Yipeeeee! All you children shout; it’s now officially Jubilee House. It is the house one president laboured in diplomacy to get constructed. He was never to live in it but rather handed over to another president. That successor worked so hard to convert this treasure of the tenth most beautiful ‘presidential palace’ in the whole wide world into a chicken coop. Luckily for the motherland, there wasn’t enough time to execute that degrading plan.
Gazetting Jubilee House is the second time I have felt a personal thrill of liberation. The first was Otanka of fond memories yanking away a barrel filled with concrete to block the road currently labelled… As at January 2001, I found it absurd other compatriots and I couldn’t turn right off Independence Avenue to WAEC and thereby avoid traffic gridlock at the African Liberation (Ridge) Circle.
One night of celebration in the house of B.A. Mensah, some friends and I had rushed to go and catch a glimpse and maybe grab a handshake with newly-elected President Ɔsono Kokuroko Kufuor. He had just departed when we arrived. But Otanka was around. “Please kindly deal with the nuisance of a barrel of concrete obstructing that road,” my colleagues and I pleaded with him.
This was around 10:00 pm. Next morning, a colleague called that he had heard on radio that the concrete filled barrel of obstruction was gone. We hopped into a car and as we reached the junction, we saw it was true the obstacle was gone. What else can man ask for to be delivered that quick!
Since the dawn of January 7, 2017 have I wished for this Otanka action type change of some letters that read ‘Flagstaff House’ hung surreptitiously dead in the night; something I saw as a defacement of a magnificent edifice. Its military implications never truly reflected the liberating monument the structure is. Shaped somehow in the stool in which power resides among many groups in the motherland, it doesn’t deserve to be assigned any colonial vestige like a name.
Those who talk history need to be told that the place ceased to be Nkrumah abode February 24, 1966. It became the residence of military chiefs, including the one who deposed Nkrumah and has his name inscribed at the airport Kwame built. I have made many references to the military-inspired ‘Flagstaff.’ Thus, only those with coup mentality would find pleasure in that name.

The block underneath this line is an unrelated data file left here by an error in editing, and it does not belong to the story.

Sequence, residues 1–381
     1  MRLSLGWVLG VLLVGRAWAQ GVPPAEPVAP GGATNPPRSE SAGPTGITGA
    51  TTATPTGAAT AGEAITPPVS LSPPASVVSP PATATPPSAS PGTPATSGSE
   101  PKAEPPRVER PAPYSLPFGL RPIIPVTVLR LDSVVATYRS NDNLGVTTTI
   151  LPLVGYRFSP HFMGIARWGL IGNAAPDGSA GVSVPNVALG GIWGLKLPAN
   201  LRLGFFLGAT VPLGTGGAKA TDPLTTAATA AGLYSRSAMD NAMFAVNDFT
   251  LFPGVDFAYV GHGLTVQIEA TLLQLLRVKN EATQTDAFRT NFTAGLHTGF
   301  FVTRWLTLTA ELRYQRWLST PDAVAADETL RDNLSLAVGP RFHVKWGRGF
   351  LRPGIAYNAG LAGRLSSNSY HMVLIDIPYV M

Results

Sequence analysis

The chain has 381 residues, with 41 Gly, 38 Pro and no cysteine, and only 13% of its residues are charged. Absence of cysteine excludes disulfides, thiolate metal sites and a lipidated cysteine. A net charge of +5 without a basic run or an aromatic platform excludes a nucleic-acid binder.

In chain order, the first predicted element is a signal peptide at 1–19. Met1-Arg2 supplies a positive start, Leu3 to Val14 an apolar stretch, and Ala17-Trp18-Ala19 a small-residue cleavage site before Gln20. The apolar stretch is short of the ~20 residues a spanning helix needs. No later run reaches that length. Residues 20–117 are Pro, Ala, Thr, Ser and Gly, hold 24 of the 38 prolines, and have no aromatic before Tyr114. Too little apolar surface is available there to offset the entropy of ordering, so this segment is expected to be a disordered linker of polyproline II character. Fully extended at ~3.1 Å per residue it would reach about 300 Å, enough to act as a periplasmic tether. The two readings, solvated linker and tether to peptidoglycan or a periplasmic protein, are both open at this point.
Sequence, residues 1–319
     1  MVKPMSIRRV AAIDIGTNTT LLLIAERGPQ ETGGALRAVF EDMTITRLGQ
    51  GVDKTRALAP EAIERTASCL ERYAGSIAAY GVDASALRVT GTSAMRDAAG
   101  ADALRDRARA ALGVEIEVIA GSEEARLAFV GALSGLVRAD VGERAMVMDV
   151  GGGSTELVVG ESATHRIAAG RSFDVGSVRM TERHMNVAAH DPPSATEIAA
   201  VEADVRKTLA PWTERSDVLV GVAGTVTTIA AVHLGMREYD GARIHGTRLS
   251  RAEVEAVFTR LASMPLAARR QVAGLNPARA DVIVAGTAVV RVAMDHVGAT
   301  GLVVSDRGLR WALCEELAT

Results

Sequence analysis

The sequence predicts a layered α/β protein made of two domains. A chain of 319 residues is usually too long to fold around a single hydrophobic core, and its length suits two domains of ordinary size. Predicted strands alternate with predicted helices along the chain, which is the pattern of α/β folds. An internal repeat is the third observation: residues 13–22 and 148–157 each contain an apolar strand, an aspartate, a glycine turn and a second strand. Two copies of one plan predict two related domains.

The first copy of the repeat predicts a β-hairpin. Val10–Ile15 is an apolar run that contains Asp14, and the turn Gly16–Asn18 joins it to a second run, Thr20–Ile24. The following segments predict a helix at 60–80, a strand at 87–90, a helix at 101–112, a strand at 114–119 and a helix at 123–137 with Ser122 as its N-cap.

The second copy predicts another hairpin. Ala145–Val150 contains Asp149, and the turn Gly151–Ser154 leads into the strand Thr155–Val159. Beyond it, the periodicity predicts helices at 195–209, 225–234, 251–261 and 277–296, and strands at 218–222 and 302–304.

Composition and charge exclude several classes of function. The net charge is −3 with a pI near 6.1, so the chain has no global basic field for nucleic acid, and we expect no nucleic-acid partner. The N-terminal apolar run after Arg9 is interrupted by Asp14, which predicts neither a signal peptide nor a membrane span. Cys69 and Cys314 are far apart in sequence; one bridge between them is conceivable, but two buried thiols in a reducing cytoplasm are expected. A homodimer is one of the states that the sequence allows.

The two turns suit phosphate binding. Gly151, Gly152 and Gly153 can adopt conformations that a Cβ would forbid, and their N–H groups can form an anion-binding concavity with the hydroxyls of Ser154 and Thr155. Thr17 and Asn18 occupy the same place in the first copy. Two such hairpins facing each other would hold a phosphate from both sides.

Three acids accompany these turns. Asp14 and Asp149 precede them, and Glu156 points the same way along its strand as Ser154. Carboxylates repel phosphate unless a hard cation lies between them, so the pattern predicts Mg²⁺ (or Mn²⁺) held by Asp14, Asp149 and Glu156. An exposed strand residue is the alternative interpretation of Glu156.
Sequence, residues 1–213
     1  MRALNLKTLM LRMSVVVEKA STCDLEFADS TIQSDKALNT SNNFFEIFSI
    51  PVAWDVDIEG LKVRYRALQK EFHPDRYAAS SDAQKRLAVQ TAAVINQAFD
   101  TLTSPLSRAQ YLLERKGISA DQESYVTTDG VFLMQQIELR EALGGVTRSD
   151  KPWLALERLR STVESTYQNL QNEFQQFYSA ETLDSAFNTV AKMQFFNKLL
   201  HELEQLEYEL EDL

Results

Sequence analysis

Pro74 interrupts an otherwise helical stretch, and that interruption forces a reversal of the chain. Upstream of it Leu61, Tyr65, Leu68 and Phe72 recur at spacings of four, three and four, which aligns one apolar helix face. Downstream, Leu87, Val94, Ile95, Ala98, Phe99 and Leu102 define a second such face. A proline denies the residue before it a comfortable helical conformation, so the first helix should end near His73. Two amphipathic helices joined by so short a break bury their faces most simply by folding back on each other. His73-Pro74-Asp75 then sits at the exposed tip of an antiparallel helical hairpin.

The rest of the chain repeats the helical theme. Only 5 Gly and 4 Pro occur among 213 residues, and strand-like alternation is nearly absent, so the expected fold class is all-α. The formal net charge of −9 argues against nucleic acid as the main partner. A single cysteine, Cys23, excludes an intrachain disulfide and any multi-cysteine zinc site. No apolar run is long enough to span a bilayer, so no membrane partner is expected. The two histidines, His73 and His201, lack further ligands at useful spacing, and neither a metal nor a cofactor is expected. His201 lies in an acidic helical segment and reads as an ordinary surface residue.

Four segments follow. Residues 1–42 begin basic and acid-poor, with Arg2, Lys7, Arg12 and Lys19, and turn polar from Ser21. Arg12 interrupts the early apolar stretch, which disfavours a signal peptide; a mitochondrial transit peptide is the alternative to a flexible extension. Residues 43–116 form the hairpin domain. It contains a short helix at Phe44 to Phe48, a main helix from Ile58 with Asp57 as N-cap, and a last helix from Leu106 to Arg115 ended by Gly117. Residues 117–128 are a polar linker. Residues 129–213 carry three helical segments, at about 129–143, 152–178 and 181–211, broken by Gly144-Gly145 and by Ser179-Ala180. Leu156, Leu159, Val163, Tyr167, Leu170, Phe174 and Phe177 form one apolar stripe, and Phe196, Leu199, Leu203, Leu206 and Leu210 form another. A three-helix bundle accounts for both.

Others who should know but don’t seem to know are talking waste in printed letterheads and whatever else is embossed with Flagstaff House. I have read letters from the seat of government with the address ‘The Castle, Osu.’ This is as late as September 2017. So how people in charge of research of all things for congress will talk waste in letterheads baffles me.
I never heard it is pointless or unnecessary when congress went on a name changing spree in 2009. They had no rational reasons to offer for the useless exercise except evoke some exclusionary ethnic justifications. There is nothing ethnic about Jubilee. Flagstaff is not being changed to Jubilee for any ethnic reason like the dropping of Ohene Djan. Maybe Flagstaff is veiled ethnic interpretation for those who lived and died there.
In 2008, congresspeople went on name changing spree, including dropping ‘Ohene Djan Stadium.’ Unless one is dumb, no one such trumpeting the Nkrumah name know what that gentle Aburi man did for Ghana sports as Director of the Central Organisation of Sports (COS). He championed the building of the hard won reputation for and with the Black Stars brand. Congresspeople destroyed that reputation in a flash.
They killed that reputation when they flew over three million American dollar cash to Brazil from Accra and social media splashed photos of players smelling and savouring their share of the cash. Look at the laughably renamed High Street when they could simply have named the GIMPA-Dzorwulu only road he built after him. No one would mind if they added the new Haatso stretch to it and call it ‘Mills Drive/Road/Way.’
Flagstaff is about coercion while Jubilee’s association is with independence. Again, where Flagstaff connotes suppression, Jubilee extols liberation. When you are heading for a desired destination, you don’t keep turning your head back, otherwise you would lose direction. Moving from Flagstaff to Jubilee is progress. Yesterday when I was under the colonial yoke, I was Flagstaff. Today as I head towards economic independence, I am Jubilee. Nothing sounds better.
The sagists say by any other name, flower rose will still smell sweet. With humans, though, parents go to various lengths to find suitable names for their children. The Flagstaff naming insisters have so far advanced maintaining colonial military past. Jubilee commemorates our political freedom, so let Jubilee be.
By Kwasi Ansu-Kyeremeh